Hart Trophy Vote Suggests 'Best' Trumped 'Most Valuable' This Season - The Hockey News on Sports Illustrated

Hart Trophy Vote Suggests 'Best' Trumped 'Most Valuable' This Season

Leon Draisaitl was a deserving winner if we view the Hart through the lens of 'most talented NHLer' in 2019-20. But he didn't actually have the most valuable impact on the game.
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Leon Draisaitl, Nathan MacKinnon or Artemi Panarin? They represented the three finalists for the Hart Trophy for NHL MVP and the Ted Lindsay Award for most outstanding player as voted by the players. Each had passionate camps of supporters.

Edmonton Oilers center Draisaitl lapped the field offensively with 110 points in 71 games, clearing the runner-up, his teammate Connor McDavid, by 13 points. New York Rangers left winger Panarin arguably had the strongest overall impact on driving the play. Colorado Avalanche center MacKinnon was a blend of both, an offensive dynamo who also carried his team on his back when his teammates were injured.

The results for the Hart, voted on by the Professional Hockey Writers Association, and the Lindsay, voted on by the NHLPA, were revealed by the NHL along with several other major awards Monday night in a virtual ceremony. Draisaitl won both big ones. His Hart and Lindsay combine with his Art Ross Trophy to make him 2019-20’s most decorated player.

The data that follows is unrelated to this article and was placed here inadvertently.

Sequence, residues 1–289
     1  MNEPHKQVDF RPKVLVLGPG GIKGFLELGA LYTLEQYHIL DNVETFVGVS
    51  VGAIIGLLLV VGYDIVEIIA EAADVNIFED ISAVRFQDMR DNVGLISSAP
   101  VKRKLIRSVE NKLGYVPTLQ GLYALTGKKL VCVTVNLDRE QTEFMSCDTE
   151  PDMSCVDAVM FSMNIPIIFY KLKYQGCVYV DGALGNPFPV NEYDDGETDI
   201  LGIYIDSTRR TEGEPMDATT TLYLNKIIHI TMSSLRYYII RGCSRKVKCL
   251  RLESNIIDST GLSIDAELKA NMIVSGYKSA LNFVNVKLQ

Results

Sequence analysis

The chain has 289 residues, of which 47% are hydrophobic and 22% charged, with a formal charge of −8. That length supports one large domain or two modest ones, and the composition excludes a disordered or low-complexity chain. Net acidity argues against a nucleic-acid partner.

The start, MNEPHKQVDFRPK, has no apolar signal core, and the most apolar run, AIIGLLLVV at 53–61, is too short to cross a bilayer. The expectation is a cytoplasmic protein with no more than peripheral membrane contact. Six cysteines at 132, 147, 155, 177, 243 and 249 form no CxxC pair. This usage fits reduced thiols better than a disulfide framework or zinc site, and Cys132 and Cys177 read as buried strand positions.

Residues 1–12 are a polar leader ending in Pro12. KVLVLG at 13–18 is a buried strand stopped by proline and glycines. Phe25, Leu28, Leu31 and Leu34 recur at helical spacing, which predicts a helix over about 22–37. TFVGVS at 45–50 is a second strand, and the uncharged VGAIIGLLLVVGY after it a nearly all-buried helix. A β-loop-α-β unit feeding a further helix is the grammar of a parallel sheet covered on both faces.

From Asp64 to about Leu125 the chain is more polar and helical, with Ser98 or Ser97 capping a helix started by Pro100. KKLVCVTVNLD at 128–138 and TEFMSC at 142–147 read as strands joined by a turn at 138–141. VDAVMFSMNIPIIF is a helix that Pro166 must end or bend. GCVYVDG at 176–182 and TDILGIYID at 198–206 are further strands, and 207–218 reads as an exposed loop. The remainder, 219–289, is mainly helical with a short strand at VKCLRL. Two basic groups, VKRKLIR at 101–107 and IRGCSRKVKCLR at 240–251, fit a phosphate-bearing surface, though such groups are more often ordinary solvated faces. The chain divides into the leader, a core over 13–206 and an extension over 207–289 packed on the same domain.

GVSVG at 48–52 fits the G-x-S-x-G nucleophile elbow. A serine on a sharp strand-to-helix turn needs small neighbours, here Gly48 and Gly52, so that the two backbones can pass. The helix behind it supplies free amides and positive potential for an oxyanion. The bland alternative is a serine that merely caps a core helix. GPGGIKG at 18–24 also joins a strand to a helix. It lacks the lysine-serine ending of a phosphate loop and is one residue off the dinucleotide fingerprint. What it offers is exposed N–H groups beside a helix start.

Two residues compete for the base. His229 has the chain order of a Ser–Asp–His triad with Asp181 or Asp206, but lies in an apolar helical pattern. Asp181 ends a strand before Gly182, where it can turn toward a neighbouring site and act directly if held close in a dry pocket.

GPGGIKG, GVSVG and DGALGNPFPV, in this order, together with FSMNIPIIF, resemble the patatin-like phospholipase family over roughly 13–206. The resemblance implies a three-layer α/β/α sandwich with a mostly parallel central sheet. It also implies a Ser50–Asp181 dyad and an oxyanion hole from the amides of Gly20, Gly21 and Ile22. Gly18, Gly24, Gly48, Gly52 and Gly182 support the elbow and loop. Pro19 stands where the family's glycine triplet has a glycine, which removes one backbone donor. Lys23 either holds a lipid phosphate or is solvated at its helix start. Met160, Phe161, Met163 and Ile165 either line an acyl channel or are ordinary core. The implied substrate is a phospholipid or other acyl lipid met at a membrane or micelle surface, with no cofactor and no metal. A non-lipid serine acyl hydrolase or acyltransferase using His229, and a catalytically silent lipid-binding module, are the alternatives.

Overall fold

Draisaitl, 24, became the fourth Oiler to win the Hart and Lindsay in the same season, joining McDavid, Wayne Gretzky and Mark Messier. Draisaitl is the first German NHLer to win the Hart or Lindsay and joins surefire basketball Hall of Famer Dirk Nowitzki as the only Germans to win an MVP in one of the ‘Big Four’ major pro sports.

“Dirk is obviously someone I look up to and admire, the way he presents himself and the way he really has achieved everything there is to achieve for a professional athlete in North America,” Draisaitl said Monday during a Zoom call from his native Germany, where it was the middle of the night. “He’s always been someone I’ve looked up to, and it’s a big honor to be in that conversation with him."

In some years, the PHWA skews toward the literal definition of the Hart and picks the player who was most valuable to his team. We saw that in 2017-18 when Taylor Hall won it while McDavid won the Lindsay. Other years, the votes are easy and one player is the most outstanding and the most valuable. That was the case last season when Nikita Kucherov took the Hart and Lindsay.

This season? It was arguably a vote for amazing numbers over all-around impact. Draisaitl was an absolute horse for the Oilers. His 22:37 of average ice time led all NHL forwards and is the second-highest mark of any forward in the past seven seasons. His 1.55 points per game was the second-best rate this millennium behind Kucherov’s 1.56 last season. Draisaitl racked up a league-high 44 power-play points for a stupendous Edmonton unit that converted at the highest rate of any team since the 1978-79 New York Islanders.

He was an absolute juggernaut of a scorer whom the Oilers entrusted for tons of minutes. During a six-game stretch with McDavid shelved due to injury, Draisaitl stepped up with 12 points, playing more than 25 minutes a night over that span. That likely did a lot to show voters he was more than just McDavid’s second fiddle, as did Draisaitl’s big late-season surge playing on a line with Ryan-Nugent Hopkins and Kailer Yamamoto.